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This week, we tell the story of two of our Post-Harvest Managers, who happened to be in the Netherlands for a work visit. They have both been with Marginpar for many years, started out as value adders in the field and went through all the ranks in post-harvest to become the managers that they are today. Priscilla: “We are true examples of Marginpar’s motto ‘We grow people, our people grow unique flowers’. We have really grown under Marginpar’s wings.” Jemimah is situated at Kudenga Farm and Priscilla manages the post-harvest process at Bondet Farm, which are both situated in Kenya. Their responsibility lies in the entire process from right after harvesting up until boxing and shipping the flowers. 

Hypericum ready for boxing

Checking one, two, three

It’s our vision to grow unique summer flowers of great, consistent quality. Priscilla: “Quality is key to maintain our customers. If we don’t have good quality, our competitors will get ahead of us and we lose the market.” Jemimah: “Quality doesn’t start at post-harvest. When everything before harvest is done right, from breeding to growing the flowers, we have fewer challenges at post-harvest. We have three quality checkpoints; the first one is right after harvest, the second during grading and the third right before the flowers are boxed. If at any point an issue occurs, the stem is taken out and the problem is communicated back to production.” Priscilla adds: “We don’t wait with this feedback, we don’t want this issue to keep occurring so we take it back immediately.” 

We have three quality commandments: Do not accept bad quality, do not process bad quality, and do not pass on bad quality.

Aster Flash - freshly harvested

Team work makes the …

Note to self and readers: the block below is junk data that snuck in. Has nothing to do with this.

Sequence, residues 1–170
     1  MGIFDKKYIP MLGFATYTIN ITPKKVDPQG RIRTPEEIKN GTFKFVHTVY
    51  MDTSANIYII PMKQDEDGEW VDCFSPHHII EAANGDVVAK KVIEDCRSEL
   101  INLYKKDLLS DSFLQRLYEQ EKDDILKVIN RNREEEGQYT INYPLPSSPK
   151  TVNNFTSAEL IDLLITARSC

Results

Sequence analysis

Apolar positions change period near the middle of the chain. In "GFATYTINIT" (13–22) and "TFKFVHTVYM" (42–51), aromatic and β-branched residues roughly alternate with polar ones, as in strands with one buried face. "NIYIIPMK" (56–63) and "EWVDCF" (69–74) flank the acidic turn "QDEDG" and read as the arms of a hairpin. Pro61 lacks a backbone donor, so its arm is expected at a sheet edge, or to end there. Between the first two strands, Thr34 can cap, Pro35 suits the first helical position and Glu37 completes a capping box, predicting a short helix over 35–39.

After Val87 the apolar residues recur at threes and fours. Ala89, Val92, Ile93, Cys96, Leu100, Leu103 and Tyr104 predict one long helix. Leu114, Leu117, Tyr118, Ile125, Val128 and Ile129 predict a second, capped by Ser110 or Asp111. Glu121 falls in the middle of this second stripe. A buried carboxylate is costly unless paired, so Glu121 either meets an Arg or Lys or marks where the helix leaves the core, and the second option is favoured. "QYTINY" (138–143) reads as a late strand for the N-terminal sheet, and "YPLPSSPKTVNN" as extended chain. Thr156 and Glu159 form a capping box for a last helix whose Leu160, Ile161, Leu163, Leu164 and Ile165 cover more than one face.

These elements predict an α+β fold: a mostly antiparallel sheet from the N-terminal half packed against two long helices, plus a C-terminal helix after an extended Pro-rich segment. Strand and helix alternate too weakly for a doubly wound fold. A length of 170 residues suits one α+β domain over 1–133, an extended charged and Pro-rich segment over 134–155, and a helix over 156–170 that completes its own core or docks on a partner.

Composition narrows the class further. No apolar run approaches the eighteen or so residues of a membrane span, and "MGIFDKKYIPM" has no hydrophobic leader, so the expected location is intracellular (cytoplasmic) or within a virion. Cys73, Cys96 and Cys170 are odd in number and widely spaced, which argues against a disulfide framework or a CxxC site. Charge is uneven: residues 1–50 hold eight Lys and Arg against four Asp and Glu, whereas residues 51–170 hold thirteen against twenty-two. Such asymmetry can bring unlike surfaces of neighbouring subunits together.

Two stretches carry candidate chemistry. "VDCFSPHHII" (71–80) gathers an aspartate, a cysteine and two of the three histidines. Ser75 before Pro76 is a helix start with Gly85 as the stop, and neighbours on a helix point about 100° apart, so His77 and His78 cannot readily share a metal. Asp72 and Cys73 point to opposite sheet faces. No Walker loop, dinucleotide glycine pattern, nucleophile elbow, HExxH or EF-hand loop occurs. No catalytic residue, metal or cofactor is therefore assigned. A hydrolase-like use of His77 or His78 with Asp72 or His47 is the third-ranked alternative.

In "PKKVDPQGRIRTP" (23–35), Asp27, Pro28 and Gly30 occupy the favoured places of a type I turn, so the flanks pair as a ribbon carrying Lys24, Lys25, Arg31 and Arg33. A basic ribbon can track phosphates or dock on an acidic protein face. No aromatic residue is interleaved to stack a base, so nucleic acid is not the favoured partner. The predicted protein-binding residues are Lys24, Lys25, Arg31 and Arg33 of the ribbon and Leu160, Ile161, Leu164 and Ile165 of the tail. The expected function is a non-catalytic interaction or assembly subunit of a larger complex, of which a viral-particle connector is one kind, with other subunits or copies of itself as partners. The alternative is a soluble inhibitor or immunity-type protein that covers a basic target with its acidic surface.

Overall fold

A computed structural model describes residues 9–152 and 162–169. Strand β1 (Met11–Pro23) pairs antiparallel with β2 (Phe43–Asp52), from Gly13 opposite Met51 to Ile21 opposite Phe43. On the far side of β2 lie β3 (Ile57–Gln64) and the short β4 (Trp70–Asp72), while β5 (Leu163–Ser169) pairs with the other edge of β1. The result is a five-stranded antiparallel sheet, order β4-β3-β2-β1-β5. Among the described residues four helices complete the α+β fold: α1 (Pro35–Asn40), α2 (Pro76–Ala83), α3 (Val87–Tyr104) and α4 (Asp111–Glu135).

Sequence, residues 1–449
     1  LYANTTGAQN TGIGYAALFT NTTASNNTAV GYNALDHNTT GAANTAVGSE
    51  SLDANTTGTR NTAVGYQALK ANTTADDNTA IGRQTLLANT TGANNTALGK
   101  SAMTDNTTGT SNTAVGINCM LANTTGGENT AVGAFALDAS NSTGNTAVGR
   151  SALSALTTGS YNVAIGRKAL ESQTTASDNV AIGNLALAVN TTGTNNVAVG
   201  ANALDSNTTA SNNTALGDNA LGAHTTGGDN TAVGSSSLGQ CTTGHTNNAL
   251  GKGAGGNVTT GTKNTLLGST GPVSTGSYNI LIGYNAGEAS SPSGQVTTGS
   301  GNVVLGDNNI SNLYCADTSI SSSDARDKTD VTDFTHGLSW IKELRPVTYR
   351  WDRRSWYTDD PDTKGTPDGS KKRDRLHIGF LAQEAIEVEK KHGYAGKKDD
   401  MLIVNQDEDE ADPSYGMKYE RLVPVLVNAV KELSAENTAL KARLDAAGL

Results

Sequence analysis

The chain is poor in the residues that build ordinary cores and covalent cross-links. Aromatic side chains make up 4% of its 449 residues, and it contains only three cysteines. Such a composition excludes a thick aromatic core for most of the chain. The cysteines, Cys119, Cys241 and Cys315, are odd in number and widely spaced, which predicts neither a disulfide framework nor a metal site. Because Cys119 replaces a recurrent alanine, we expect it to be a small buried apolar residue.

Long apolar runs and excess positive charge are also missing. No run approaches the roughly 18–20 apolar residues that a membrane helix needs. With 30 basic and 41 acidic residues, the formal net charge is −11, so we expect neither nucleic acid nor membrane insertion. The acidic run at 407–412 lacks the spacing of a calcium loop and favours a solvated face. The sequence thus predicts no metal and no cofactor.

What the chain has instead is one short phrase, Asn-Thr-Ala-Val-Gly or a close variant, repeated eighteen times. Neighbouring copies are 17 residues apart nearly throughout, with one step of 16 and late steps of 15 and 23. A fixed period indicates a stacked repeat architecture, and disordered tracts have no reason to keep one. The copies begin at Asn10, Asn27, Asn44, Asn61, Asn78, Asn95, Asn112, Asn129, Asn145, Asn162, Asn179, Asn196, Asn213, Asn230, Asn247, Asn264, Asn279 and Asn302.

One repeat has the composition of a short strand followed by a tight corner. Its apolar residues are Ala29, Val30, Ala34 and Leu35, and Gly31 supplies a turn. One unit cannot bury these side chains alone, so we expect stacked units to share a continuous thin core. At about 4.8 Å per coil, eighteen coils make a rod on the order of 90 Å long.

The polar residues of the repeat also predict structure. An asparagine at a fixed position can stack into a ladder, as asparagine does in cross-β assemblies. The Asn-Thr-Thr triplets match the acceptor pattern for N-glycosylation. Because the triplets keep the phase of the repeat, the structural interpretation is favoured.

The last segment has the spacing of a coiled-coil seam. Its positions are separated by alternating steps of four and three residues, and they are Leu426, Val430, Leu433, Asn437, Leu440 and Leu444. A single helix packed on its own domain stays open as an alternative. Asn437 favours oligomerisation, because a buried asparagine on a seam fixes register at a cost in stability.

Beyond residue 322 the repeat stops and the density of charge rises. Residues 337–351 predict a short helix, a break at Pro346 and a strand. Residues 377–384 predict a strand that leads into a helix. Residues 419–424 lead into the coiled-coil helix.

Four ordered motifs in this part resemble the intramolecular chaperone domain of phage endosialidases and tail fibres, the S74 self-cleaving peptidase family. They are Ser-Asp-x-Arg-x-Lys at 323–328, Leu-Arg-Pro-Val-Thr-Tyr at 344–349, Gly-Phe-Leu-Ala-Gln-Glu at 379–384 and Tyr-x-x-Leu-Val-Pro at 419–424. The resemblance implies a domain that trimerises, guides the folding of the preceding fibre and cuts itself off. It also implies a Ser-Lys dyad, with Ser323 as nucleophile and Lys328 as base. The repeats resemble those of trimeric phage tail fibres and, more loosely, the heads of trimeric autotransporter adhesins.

Sometimes, an issue might be a bit more persistent. In that case, the post-harvest managers always have back up. Priscilla: “We are one, and we have one aim. Problems are never personal, and whenever a challenge arises, we face them together. Together with our team on our farm, but also together with other post-harvest managers, especially with those who grow the same crops. On top of that we also get a lot of support from our Dutch QA colleagues Bram, Werner and Gosia.” Jemimah: “A good example is the challenge we found in Gypsophila. After harvest, Gypsophila needs a rather specific treatment in order to bloom. We tackled this challenge together with all Gyps growers, as a team. Now it does so well and we get great returns; I am so proud of this.”

Gypsophila - freshly harvested

…Dream work

Both Jemimah and Priscilla are happy to work with the Hamuka culture (which focuses on trusting, valuing and empowering our people, and continuous improvement of our processes). Jemimah: “We experience so much trust. When you have that space when working, no one looking over your shoulder all the time, you are able to come up with more ideas. We discover a lot because of the space we get.” Priscilla: “Getting the opportunity to visit the Netherlands has also been great. We got to see how our flowers arrive in the Netherlands, which can be totally different than how we sent them off in Kenya. When the flowers come out of the box , you can tell they are not happy, but after getting recut and put on water you see the life coming back to them. That is such an amazing sight! We also got to see our flowers being auctioned. We have learned so much about what we have to improve, and it was great meeting our Dutch colleagues! 

Jemimah and Priscilla at the Royal FloraHolland Trade Fair in Aalsmeer

Next up

The story of Jane Kimani, who is Senior Technical Post-Harvest Manager for all Kenyan and Ethiopian farms.